Paris Climate Agreement: Is India a winner or loser?

Union Environment Minister Prakash Javadekar felt the pact could have been more ambitious.

Paris Climate Agreement: Is India a winner or loser?
US Secretary of State John Kerry with Environment Minister Prakash Javadekar in Paris. Photo: AP

Paris: Following two weeks of hectic deliberations the delegates from 196 countries at the climate change conference in Paris on Sunday adopted  the first universal pact committing them to curb global warming to well below 2 degrees Celsius and outline a roadmap to raise $100 billion annually towards a green fund for developing nations. 


Paris Agreement, the 32-page accord, was declared adopted after French Foreign Minister Laurent Fabius, also the chair of the conference, struck the gavel.

The agreement`s main aim is to keep a global temperature rise this century well below 2 degrees Celsius and to drive efforts to limit the temperature increase even further to 1.5 degrees Celsius above pre-industrial levels.

Then there is is a firm commitment for countries to engage in a process on mitigation opportunities and put added focus on adaptation opportunities, with rich members working towards a clear path to outline a road map on raising the climate finance for developing countries to $100 billion annually by 2020.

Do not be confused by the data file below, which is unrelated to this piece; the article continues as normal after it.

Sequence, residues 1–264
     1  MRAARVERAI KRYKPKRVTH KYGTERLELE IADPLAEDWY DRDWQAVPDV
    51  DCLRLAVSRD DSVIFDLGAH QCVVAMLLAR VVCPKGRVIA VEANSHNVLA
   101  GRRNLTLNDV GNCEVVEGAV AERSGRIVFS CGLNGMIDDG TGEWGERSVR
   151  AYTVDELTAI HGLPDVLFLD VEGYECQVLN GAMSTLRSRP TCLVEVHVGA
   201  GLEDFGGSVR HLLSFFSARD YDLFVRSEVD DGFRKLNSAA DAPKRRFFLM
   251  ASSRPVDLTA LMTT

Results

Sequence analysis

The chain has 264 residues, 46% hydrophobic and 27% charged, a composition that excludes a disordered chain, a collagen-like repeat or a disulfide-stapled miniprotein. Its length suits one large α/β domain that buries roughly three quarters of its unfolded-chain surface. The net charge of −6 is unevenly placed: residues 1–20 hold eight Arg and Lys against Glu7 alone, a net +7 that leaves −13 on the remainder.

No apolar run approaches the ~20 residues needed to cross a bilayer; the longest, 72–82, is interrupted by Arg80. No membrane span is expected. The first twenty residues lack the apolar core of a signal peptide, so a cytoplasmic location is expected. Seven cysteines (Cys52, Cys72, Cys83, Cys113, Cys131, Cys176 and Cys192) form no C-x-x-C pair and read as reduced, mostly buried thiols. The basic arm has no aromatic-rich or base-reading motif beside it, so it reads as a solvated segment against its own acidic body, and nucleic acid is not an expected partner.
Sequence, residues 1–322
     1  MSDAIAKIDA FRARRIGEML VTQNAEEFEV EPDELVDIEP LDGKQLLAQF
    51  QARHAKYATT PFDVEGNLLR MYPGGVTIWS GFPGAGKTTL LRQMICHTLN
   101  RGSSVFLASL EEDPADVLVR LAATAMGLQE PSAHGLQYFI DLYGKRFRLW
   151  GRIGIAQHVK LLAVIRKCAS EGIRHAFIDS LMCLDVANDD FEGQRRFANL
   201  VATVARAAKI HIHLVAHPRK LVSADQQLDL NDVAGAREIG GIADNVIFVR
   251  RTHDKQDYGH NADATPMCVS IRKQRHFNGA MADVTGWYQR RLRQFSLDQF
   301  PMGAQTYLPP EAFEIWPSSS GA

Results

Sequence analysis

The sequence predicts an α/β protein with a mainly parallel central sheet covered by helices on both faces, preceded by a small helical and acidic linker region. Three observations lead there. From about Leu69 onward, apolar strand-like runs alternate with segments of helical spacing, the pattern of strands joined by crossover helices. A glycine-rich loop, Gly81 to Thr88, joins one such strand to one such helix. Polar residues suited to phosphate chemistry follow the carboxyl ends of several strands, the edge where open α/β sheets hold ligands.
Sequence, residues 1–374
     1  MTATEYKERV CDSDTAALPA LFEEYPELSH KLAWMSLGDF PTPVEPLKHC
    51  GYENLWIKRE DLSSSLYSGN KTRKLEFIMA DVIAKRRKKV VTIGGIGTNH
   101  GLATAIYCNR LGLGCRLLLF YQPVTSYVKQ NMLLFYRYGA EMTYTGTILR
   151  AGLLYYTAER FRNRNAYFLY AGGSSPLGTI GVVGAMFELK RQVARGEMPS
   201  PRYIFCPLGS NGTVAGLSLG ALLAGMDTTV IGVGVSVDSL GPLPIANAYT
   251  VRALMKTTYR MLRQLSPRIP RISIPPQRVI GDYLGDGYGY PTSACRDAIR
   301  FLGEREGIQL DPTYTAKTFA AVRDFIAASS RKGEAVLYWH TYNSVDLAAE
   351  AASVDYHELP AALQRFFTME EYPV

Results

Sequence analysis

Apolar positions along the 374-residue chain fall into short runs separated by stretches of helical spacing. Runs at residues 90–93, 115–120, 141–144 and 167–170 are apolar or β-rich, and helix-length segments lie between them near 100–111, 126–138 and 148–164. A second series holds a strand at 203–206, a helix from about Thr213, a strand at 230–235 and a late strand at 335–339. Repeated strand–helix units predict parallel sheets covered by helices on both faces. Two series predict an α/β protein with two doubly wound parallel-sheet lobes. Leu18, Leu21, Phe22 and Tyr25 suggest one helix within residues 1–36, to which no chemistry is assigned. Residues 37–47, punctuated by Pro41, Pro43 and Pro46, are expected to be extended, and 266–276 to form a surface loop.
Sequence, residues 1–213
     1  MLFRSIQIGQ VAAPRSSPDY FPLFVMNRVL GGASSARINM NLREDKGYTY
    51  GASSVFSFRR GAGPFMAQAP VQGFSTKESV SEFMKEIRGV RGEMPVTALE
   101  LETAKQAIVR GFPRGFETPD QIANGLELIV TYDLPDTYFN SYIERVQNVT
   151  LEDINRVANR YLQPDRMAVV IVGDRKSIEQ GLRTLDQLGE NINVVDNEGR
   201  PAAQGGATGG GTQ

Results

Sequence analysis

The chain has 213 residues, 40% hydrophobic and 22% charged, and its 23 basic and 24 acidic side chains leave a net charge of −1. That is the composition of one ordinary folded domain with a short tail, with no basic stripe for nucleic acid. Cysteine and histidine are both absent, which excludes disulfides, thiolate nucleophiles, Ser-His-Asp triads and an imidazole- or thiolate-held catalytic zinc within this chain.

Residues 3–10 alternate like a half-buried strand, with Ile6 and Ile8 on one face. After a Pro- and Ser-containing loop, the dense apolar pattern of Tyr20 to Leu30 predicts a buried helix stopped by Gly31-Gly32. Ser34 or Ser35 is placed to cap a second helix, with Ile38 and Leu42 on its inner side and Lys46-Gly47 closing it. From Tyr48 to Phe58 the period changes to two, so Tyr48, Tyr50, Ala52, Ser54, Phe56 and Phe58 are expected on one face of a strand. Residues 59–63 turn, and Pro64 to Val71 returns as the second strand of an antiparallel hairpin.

Among the other decisions reached included a commitment that countries will submit updated climate plans -- nationally determined contributions -- every five years to steadily increase their long-term ambitions. India has already pledged to reduce the carbon intensity by 33-35 percent over 15 years.

Following the adoption of the Paris Agreement by the 21st Conference of Parties, it will be taken to the UN headquarters. Then on Earth Day, falling on April 22, 2016, it will be opened for the signatures of members for one year.

It will enter into force once 55 countries accounting for at least 55 percent of emissions ink it.

India's point of view: 

Union Environment Minister Prakash Javadekar felt the pact could have been more ambitious as the commitment from rich nations was "much below" what was expected of them, but felt the basic concept of common but differentiated responsibilities towards environment protecting was largely addressed.

"To achieve big things as there are languages and many issues, when 196 countries are putting their efforts together. One needs to be accommodative without changing the thrust of the agreement. We`ve done everything to maintain that thrust," Javadekar said.

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